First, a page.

Controversial rapper 6ix9ine is facing a copyright infringement lawsuit from South Carolina artist Warren Hamilton, who said he’s used the name “SIX9” since 2007.

Per legal documents viewed by Complex, and initially reported on by Billboard, Hamilton claimed that Daniel ‘6ix9ine’ Hernandez has “injured and stifled” his career after he started releasing music under the very similar name in 2017. Hamilton claims that he first used the name SIX9 in 2007, and has released multiple projects under the name. He’s also toured as SIX9 across the country, performing in venues alongside the likes of Lil Wayne. His most recent release as SIX9 came in January, 2022.

“Many rap and hip-hop consumers have erroneously accused and criticized Hamilton of stealing Hamilton’s SIX9 mark from Hernandez,” reads the suit. “Many rap and hip-hop consumers have also mistakenly attended Hamilton’s live performance shows thinking that Hernandez was going to be performing [and] many music promoters and booking agents have refused to book live performance shows.”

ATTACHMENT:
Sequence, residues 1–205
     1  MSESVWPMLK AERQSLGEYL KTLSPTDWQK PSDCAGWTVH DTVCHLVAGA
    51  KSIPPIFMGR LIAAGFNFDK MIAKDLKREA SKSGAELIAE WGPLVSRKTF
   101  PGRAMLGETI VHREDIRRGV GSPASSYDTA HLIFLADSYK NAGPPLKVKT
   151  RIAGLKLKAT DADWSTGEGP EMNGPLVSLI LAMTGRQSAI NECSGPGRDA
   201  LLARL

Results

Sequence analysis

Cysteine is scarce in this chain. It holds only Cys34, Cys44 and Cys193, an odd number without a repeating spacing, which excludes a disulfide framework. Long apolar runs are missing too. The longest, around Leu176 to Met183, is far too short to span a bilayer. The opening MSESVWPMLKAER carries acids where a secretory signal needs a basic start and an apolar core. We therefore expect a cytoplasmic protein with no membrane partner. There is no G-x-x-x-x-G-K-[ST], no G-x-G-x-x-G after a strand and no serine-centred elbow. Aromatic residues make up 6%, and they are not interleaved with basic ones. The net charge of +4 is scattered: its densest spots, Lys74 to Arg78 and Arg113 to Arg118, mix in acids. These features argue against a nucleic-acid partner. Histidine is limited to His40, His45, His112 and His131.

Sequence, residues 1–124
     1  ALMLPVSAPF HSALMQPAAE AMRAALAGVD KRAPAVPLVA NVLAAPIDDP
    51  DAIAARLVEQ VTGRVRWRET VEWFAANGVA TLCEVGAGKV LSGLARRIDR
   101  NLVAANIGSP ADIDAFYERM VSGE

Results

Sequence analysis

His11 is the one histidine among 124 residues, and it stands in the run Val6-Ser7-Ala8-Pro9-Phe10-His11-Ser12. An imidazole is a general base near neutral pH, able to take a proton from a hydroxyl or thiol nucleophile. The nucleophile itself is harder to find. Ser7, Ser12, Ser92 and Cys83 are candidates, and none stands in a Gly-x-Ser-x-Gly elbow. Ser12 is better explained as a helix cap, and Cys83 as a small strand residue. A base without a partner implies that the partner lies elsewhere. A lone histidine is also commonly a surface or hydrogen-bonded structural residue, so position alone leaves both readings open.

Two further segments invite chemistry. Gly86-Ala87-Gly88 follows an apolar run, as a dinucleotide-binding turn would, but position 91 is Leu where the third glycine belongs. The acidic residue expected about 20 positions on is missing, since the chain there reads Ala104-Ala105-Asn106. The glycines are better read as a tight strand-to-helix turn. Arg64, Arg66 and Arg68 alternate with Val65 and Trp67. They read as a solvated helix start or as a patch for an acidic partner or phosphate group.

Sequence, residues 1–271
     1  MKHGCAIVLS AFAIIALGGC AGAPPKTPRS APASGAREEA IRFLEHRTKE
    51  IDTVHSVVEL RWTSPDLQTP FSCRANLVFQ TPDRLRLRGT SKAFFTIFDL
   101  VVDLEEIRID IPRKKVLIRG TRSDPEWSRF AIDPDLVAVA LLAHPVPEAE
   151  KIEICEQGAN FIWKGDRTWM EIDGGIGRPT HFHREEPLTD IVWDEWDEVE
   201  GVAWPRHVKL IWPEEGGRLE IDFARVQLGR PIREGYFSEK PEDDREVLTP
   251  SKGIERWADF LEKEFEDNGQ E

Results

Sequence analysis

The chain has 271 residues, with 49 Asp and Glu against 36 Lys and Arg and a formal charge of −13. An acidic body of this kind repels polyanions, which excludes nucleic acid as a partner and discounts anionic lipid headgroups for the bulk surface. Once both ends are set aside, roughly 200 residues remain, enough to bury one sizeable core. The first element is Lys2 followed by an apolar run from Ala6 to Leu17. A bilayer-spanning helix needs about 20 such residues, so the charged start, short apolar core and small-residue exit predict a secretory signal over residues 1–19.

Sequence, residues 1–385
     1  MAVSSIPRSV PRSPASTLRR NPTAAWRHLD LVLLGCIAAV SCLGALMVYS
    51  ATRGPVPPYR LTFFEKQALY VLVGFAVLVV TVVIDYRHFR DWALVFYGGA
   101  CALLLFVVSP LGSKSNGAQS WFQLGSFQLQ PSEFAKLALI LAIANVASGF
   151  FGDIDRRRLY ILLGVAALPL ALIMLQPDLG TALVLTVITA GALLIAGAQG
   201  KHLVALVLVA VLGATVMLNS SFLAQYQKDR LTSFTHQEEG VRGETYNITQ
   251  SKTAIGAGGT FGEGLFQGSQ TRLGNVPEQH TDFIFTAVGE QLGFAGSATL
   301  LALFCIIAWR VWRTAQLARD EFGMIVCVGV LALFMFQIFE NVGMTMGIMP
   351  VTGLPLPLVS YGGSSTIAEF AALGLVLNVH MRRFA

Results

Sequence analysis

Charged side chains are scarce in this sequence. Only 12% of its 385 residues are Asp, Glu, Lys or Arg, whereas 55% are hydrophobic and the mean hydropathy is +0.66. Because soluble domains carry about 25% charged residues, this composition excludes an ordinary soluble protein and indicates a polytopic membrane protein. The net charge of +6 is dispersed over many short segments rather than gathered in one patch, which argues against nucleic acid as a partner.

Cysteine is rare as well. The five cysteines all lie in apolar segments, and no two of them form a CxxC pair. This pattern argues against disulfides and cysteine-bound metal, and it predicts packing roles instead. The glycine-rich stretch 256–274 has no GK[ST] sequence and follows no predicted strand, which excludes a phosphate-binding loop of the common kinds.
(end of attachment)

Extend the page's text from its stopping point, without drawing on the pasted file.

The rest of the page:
Although Hernandez uses the name 6ix9ine for his releases these days, he initially released music under the name Tekashi69. Somewhere down the line, he shortened the name to what it is now. Hamilton has accused the rapper of using the shortened version in an attempt to distance himself from the 2015 conviction on one count of “use of a child in a sexual performance.” 

“If a DJ on the radio or a playlist or podcast announces that this is a song by SIX9 or 6ix9ine, the average consumer doesn’t know by the announcement of the artist’s name if that song is going to be by Hamilton or Hernandez since each mark has the same exact pronunciation and meaning,” the suit continues. “The same is true if a consumer saw a concert poster or heard an advertisement using the mark SIX9 or 6ix9ine.” Hamilton is seeking unspecified damages.

Earlier this year, 6ix9ine was hit with a $2 million lawsuit after he allegedly failed to turn up for two scheduled Los Angeles concerts in 2021. Just a month before that, he settled a lawsuit after an artist accused him of copying their own material for his track “Gooba.”